National Digest

April 21, 2005|By NEW YORK TIMES NEWS SERVICE

NASA delays flight of shuttle by a week

CAPE CANAVERAL, Fla. - NASA pushed back next month's launch of Discovery by a full week, saying yesterday that it needs more time to complete testing and engineering work for the first space shuttle flight since the Columbia disaster. The new launch date is May 22.

NASA had been hoping to send Discovery on a 12-day delivery and repair mission to the International Space Station on May 15. But a critical design review of the revamped shuttle was not held until this week, and all the information needs to be submitted to the task force overseeing the space agency's return-to-flight effort.

NASA officials stressed that the mid-May liftoff date was only a target and that the space agency is not going to allow itself to be rushed.

D.C. appeals court sticks by ruling in tobacco suit

WASHINGTON - An appeals court won't reconsider its ruling barring the Justice Department from seeking $280 billion in a lawsuit against cigarette companies. The U.S. Court of Appeals for the District of Columbia Circuit released its 3-3 decision not to reconsider the case yesterday.

Officials said the government has not decided whether to appeal the decision to the Supreme Court. In the case, filed in 1999 under a civil racketeering statute, the government is alleging that cigarette makers conspired for decades to deceive the public about the dangers of smoking. A trial began in U.S. District Court in September and is continuing.

The Justice Department asked the full court last month to reconsider a three-judge panel's 2-1 decision that the civil RICO statute under which the case was filed required "forward-looking" remedies, and disgorgement - or the seeking of money allegedly earned through fraudulent means - was not one.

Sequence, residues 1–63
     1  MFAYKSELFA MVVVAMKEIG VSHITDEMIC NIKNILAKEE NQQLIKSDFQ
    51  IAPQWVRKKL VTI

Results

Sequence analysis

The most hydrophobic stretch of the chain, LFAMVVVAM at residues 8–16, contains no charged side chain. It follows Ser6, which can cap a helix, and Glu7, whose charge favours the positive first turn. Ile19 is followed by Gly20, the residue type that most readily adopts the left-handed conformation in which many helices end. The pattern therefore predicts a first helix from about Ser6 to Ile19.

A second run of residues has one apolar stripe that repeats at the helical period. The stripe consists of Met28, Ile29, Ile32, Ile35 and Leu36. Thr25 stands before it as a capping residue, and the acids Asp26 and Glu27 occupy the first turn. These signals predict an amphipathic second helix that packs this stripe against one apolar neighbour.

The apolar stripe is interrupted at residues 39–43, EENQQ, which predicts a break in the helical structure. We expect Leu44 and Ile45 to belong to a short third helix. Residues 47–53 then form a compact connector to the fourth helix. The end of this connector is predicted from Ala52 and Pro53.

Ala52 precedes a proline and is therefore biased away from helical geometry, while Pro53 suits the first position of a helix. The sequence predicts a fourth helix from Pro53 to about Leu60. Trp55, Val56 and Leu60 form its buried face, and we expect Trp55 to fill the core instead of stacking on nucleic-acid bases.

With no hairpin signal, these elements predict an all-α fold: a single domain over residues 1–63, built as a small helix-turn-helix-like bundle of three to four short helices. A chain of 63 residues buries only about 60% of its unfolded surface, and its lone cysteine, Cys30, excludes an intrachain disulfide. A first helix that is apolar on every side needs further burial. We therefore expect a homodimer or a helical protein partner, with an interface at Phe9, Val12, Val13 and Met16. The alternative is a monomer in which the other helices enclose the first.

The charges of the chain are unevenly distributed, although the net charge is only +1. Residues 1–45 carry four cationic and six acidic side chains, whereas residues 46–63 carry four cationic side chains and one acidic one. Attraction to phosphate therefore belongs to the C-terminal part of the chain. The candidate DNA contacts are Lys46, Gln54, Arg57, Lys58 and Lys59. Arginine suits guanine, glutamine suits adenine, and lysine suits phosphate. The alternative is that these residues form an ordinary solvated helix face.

Schwarzenegger says he misspoke on border

SACRAMENTO, Calif. - Blaming his faulty English, Gov. Arnold Schwarzenegger said yesterday that he misspoke when he suggested California's border with Mexico should be closed to help solve the nation's illegal immigration problem.

Schwarzenegger made the remark while speaking to newspaper editors and publishers Tuesday. He said he intended to say the border should be secured. The contrition seemed to quell the issue at the Capitol. Hispanic lawmakers - many of whom are also rival Democrats - said they accepted his apology.

"Yesterday was a total screw-up in the words I used," the Republican said at a news conference. "Because instead of closing, I meant securing. I think maybe my English, I need to go back to school and study a little bit."

Conn. governor signs law allowing gay civil unions

HARTFORD, Conn. - Connecticut became the second state to offer civil unions to gay couples yesterday - and the first to do so without being forced by the courts.

About an hour after the state Senate sent her the legislation, Republican Gov. M. Jodi Rell signed into law a bill that will afford same-sex couples in Connecticut many of the rights and privileges of married couples. The state House passed the measure last week but amended it to define marriage under Connecticut law as between one man and one woman. The Senate approved the amended bill yesterday 26-8.

Vermont is the only other state to allow civil unions. Massachusetts allows gay couples to marry. But those changes came about after same-sex couples won court battles.

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